When MM&M checked in with Maricich Health (formerly Maricich Healthcare Communications) last year, a company exec exclaimed that 2014 was “one of the biggest breakthrough years in the history of [the] agency.” That year saw a jump in headcount to 25, which in turn necessitated a move into larger office space.
The growth continued in 2015, though perhaps not at the same “breakthrough” pace. Although headcount remained the same, agency president David Maricich reports 14.3% revenue growth, driving its sum to approximately $8 million. As part of an effort to tell its story, he cites attendance at thought leadership–type events. And then there was the recent name change, envisioned as “a refinement to better represent us as a company,” Maricich explains.
Launched in June 2016, Maricich says the self-promotional campaign touches on the firm's history, its attempts to create healthy disruption, and its people, among them Debbie Karnowsky, executive creative director. “She's a creative through and through,” Maricich points out. “Debbie and our team are known for coming up with big ideas.
As they were at this time last year, Maricich Health execs are keen to talk about client work. The agency's third year working on behalf of the L.A. Care Health Plan found it emphasizing the plan's multicultural bent. “For L.A. Care, we are becoming well known for our multicultural campaigns,” Maricich notes. “The theme was about being uniquely Angeleno. We created different faces out of sections of ethnicities. The target demographic really identified with it.”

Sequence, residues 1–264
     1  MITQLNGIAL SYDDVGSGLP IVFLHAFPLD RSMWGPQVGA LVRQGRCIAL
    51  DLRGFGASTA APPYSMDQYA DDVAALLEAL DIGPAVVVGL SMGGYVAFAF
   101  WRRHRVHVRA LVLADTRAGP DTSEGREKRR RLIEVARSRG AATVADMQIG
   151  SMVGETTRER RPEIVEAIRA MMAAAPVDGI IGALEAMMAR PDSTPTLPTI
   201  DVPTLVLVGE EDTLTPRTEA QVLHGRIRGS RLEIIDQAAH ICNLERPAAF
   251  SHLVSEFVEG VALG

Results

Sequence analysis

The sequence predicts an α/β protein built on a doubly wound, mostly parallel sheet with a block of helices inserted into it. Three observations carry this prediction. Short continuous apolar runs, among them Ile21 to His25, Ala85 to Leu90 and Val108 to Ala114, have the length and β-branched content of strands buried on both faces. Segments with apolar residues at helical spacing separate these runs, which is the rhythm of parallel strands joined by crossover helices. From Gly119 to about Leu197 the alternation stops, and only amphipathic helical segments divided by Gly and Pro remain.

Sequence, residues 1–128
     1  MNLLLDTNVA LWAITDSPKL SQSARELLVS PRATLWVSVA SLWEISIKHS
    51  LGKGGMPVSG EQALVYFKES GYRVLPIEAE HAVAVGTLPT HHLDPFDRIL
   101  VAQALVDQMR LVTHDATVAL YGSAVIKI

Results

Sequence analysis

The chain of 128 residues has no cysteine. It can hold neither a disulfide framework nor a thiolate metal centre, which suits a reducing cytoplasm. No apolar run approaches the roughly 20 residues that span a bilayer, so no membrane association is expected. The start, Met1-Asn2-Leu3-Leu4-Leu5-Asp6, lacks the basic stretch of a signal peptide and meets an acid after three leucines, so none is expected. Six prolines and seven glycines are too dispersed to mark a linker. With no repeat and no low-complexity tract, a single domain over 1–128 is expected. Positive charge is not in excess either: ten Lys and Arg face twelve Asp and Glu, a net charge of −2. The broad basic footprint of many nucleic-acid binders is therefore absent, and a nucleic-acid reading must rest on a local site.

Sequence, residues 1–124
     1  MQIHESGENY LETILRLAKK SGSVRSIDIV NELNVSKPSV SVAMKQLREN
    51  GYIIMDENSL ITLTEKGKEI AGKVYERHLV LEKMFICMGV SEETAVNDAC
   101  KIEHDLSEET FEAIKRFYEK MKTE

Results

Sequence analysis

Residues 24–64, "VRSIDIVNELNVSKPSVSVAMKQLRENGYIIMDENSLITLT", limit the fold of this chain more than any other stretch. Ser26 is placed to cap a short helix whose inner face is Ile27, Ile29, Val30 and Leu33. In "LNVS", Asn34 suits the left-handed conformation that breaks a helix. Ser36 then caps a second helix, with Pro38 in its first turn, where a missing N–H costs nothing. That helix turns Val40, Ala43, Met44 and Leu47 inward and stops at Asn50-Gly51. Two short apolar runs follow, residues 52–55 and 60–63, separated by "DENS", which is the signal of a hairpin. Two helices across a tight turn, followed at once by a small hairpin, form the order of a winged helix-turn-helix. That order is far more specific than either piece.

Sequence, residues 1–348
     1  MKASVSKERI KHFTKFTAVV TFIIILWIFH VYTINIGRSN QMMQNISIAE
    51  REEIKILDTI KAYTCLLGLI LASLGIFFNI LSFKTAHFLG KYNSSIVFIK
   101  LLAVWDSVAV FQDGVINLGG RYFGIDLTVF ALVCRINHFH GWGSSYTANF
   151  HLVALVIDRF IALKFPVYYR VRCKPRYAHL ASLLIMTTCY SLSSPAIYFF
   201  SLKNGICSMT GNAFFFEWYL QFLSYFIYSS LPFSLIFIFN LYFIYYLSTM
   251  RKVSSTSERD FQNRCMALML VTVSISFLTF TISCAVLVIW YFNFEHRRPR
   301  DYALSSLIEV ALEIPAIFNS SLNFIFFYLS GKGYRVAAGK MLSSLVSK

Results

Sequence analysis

On the new client front, Maricich Health is working on a branding effort with the Santa Clara Valley Medical Center. Maricich says the details are “top secret,” but he believes that it will have a big impact.
“We find clients coming to us when there's change and when they have to work with other companies and are looking for an agency that really understands the shift to value-based care in population health,” he continues. “We're one of the few independent agencies in the country that has real experience across the healthcare ecosystem — hospitals and health systems, health plans and payers, and medical groups. It's really interesting, because those are the companies that are forming ACOs.”
Maricich says he anticipates increasing headcount in 2016. He hopes to recruit execs with experience in client services and project management, as well as more creatives and strategists. “Our work is strategy-intensive. As we grow, that's an area that we want to make sure we have the best in,” he says.
Maricich adds that his company received some unexpected help in that regard when Palio closed its Irvine, California, office earlier this year. “We picked up some of its best digital thinkers and producers. We've been very lucky to be in the vicinity of great talent.”
The firm started out as a boutique agency years ago and now — with a decade and a half of healthcare-marketing know-how under its belt — a sense of passion fuels Maricich Health's progress.
“We couldn't do this for as long as we have done it without that passion,” he says. “It's one of the most satisfying types of advertising and branding, because you're helping people's health. We want to change the world for the greater good.”